Alginate film as a novel post-surgical tissue adhesion barrier.

Journal of biomaterials science. Polymer edition

PubMedID: 20482979

Cho WJ, Oh SH, Lee JH. Alginate film as a novel post-surgical tissue adhesion barrier. J Biomater Sci Polym Ed. 2010;21(6):701-13.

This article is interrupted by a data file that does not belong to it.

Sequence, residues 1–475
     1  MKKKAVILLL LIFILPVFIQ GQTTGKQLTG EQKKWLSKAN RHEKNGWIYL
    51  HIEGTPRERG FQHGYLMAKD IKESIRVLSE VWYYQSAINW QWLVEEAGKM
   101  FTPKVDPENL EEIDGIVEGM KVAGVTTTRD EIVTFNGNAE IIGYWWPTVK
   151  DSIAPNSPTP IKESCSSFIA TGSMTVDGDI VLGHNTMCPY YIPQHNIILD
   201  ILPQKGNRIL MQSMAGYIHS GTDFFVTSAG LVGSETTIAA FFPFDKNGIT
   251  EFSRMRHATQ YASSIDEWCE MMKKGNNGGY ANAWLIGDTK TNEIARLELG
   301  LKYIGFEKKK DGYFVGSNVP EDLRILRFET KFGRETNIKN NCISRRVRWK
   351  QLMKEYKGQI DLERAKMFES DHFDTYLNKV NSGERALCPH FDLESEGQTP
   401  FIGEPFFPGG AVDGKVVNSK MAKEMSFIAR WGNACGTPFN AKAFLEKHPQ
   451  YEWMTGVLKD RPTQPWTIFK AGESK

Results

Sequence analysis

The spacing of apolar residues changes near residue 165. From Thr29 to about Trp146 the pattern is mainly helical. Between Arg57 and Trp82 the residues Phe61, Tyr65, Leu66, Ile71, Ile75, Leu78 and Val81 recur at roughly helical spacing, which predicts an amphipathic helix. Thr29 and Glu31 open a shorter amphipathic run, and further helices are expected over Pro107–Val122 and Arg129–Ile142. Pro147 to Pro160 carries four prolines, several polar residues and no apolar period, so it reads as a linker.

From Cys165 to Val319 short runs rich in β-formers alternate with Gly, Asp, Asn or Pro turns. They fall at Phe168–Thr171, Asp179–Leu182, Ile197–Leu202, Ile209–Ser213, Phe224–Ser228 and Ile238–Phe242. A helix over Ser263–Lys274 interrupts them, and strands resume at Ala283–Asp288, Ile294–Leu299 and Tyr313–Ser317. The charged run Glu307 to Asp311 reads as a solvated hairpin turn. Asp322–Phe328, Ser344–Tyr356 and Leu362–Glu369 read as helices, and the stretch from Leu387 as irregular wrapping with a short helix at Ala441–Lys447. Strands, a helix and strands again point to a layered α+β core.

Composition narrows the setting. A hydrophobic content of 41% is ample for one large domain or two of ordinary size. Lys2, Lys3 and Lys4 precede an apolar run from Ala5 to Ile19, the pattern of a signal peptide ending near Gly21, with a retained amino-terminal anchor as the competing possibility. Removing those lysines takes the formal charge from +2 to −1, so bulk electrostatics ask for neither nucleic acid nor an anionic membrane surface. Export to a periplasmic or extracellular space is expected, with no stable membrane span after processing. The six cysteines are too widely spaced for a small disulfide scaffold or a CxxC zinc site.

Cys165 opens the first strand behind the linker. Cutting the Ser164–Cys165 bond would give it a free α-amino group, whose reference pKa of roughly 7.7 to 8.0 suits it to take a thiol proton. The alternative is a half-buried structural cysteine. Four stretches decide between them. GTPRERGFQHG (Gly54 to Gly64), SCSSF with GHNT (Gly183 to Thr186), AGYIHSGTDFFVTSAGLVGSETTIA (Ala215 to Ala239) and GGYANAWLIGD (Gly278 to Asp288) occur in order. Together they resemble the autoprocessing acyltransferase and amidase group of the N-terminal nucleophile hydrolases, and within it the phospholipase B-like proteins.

In this study, we focused on alginate as a physical tissue adhesion barrier material. The alginate has a muco-adhesive property in the solid state and becomes a viscous slippery gel-like solution in the dissolved state. We hypothesized that the alginate film without cross-linking can be a good candidate as a tissue adhesion barrier. The un-cross-linked alginate film may stably adhere onto a wound owing to its muco-adhesive property and, thus, does not need suturing to fix it, and then the film may slowly change into a slippery gel by hydration when in contact with body fluid and, thus, effectively separate the wound from the surrounding tissue without adhesion. To verify our hypothesis, we fabricated a un-cross-linked alginate film and its potential as a tissue adhesion barrier was evaluated through the comparison with various types of alginate (viscous solution and gel as well as cross-linked film) and a commercialized tissue adhesion barrier, Interceed, by the investigation of post-surgical peritoneal adhesion using a rat model. From the animal study, it was observed that the un-cross-linked alginate film was more effective for the prevention of peritoneal tissue adhesion than other types of alginates, including the commercialized one, probably owing to its unique muco-adhesive property (providing residence stability without suturing at the injured site) and lubricant property (by hydration in contact with body fluid) during wound healing. The un-cross-linked alginate film also showed a low inflammatory response and did not lead to specific histological influence during the wound healing. From these observations, the un-cross-linked alginate film is expected to be a simple and efficient tissue adhesion barrier applicable to various injury tissues.